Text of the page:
Women of the Nation
Between Black Protest and Sunni Islam
By Dawn-Marie Gibson and Jamillah Karim
Published by New York University Press, 2014
Reviewed by Nisar Ali Shah
Rarely do we find women writing books about religion, but this year we have not one but two women scholars who co-wrote a comprehensive book relating to the gradual development of Islam in the United States with reference to the Nation of Islam.
The authors discuss in detail the pivotal role women have played in enhancing the image of Muslims in America by their distinct Islamic code of conduct, suitable dress sense, and behaviour in public.
The book mentions Amatullah Umrani, among other women for instance, first sister minister, highly educated, “reluctant leader”, according to herself, joined the Nation of Islam in 1972. Told to work for Nation and not for the devil, she left her lucrative teaching post in Southern University to teach at the University of Islam in Chicago.
Her regular columns for the newspaper Muhammed Speaks (later renamed Bilalian News when more knowledge about Islam became available) made enormous impact and inspired thousands of women.
Racist climate in the United States made Nation of Islam appealing to African-American women who belatedly discovered the teachings of Quranic values of respect for the dignity of women and their superior role in the development of civilisations.
The book explores how women understood, experienced and contributed to the Nation of Islam.
Initially, a political rather than religious thought behind the Nation of Islam, a consequence of black protests against racial harassment and segregation of blacks in America.
The book gives us an insight into how this variant has evolved since its early days and now has mainly aligned with the traditional Sunni Islam, mainly, and not exclusively, after Malcolm X who had a power struggle with Elijah Muhammad the leader of the organisation, for reforming the “cult”, made the transition to Sunni Islam after his performing the Hajj (pilgrimage to Mecca, Saudi Arabia).
Many converts, including the two sons of Elijah Muhammad, studied Arabic and Islamic sciences at al-Azhar University in Cairo.
The book reveals that spread of Islam gathered pace with the arrival of Muslims in numbers from Asia and Africa, armed with a copy of the Quran. More importantly, they started to translate Quran into English which gave rise to the debate and the teachings of Quran.
The founder of the Nation of Islam remains an enigma. Elijah Muhammad is regarded as the original leader of this highly organised group of people, but intriguingly, the researchers of the book find that the founder of Nation of Islam was D. Fard Muhammed of Pakistani origin whose light-skinned complexion, authors suggest, set him apart from the ordinary residents and who started preaching in Detroit.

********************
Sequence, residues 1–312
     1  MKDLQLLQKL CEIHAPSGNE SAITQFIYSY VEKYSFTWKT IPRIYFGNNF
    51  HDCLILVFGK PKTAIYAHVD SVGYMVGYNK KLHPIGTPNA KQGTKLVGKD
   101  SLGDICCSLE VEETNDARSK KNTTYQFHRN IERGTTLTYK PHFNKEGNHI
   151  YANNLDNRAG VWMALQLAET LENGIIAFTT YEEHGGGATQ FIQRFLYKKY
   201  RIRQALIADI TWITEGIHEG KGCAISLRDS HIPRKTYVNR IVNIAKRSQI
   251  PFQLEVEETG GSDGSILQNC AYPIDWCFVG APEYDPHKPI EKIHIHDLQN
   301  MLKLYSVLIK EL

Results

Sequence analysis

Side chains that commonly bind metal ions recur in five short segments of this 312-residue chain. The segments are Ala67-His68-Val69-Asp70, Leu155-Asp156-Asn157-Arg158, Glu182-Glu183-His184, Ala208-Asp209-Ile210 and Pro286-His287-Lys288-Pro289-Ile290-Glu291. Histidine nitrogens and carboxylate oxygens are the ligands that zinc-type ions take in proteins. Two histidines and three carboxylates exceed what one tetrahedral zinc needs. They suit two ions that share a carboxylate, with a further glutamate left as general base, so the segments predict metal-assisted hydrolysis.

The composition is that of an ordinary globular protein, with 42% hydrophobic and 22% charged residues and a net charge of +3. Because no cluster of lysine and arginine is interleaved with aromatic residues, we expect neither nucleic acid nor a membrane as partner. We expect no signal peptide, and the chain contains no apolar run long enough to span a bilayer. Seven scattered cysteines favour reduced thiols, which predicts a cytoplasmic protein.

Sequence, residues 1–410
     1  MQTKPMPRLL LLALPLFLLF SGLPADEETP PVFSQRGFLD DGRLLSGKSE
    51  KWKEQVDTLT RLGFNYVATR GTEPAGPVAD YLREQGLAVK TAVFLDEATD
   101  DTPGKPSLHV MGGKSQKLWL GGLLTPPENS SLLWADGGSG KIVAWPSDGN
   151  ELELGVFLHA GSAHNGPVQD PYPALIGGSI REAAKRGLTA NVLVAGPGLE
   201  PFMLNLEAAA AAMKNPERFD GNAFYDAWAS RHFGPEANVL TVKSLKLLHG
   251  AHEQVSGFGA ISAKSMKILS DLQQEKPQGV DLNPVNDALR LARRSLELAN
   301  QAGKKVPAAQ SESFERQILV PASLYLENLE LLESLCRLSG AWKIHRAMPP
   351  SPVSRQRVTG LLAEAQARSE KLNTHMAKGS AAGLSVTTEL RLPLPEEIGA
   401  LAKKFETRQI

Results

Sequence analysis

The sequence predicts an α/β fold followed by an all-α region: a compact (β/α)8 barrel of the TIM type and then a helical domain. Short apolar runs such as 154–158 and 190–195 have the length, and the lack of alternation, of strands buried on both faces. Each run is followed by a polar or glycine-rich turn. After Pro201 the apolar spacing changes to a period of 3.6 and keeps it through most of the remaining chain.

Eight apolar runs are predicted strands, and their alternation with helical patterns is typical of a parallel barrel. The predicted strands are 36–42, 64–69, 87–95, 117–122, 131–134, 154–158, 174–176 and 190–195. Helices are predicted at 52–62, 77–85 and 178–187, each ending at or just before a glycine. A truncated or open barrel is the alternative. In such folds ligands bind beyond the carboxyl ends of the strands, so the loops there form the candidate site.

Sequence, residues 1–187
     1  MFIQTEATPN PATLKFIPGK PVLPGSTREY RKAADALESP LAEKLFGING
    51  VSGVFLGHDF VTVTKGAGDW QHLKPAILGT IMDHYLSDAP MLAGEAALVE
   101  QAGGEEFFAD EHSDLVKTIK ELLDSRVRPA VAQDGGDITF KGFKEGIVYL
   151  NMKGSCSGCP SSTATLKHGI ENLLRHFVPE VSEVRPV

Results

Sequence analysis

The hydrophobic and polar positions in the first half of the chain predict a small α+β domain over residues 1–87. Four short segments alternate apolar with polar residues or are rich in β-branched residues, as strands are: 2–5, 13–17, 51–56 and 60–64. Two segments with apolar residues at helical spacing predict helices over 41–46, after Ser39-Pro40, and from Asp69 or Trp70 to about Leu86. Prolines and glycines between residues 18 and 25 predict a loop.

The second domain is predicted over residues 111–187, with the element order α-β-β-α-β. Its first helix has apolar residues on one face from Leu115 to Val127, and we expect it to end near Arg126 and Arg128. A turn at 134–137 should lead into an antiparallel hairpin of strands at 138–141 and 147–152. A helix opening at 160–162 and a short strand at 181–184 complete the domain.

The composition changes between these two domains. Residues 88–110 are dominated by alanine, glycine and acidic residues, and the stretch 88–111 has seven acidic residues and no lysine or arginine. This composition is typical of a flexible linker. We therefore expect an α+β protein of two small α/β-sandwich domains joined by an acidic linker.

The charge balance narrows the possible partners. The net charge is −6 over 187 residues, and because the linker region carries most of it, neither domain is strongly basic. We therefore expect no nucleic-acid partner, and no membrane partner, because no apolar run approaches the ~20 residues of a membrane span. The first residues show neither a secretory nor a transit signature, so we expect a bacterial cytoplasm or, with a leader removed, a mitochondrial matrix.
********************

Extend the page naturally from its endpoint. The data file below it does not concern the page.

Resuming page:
He taught the residents that they were a nation of Islam and Islam was their “true” and “natural” religion and not Christianity. According to FBI, Fard entered the United States illegally more than 65 years ago. Amid enthusiasm and euphoria someone put the “n” in nation as a capital letter, thus it became “Nation of Islam”, sounding like an organisation. Half a century later it is now akin to Sunni practices of Islam.
On a slightly different note, America is known as a nation of immigrants. People came from all over the world, seeking economic opportunities. So, in theory, everybody should have had a share of equal rights regardless of colour or creed.
The Africans, who were forcibly transported from their beloved Africa by the European Christians, were horribly badly treated as slaves and cruelly discriminated against throughout the US history, even after the abolition of slavery. The book, therefore, points out that the Nation of Islam was born out of this cruel, chaotic and violent backdrop.
In 265 pages there are only two pages of old black and white photos of women and they are not evan public figures. There are several repetitions of the same arguments and events in the book, but in spite of that it is a serious book of scholarship and meticulous research, which enhances our knowledge about Islam in the United States. African-American Muslim women are the main topics under discussion and their striking impact on the contemporary American society as a whole.
So, this book, written by two women scholars, proves once again that Islam did not spread through sword.
Jamillah Karim, a scholar specialising in Islam in America and co-author Dawn-Marie Gibson, a lecturer in Twentieth-Century US History, at Royal Holloway, University of London, wrote a truly remarkable book.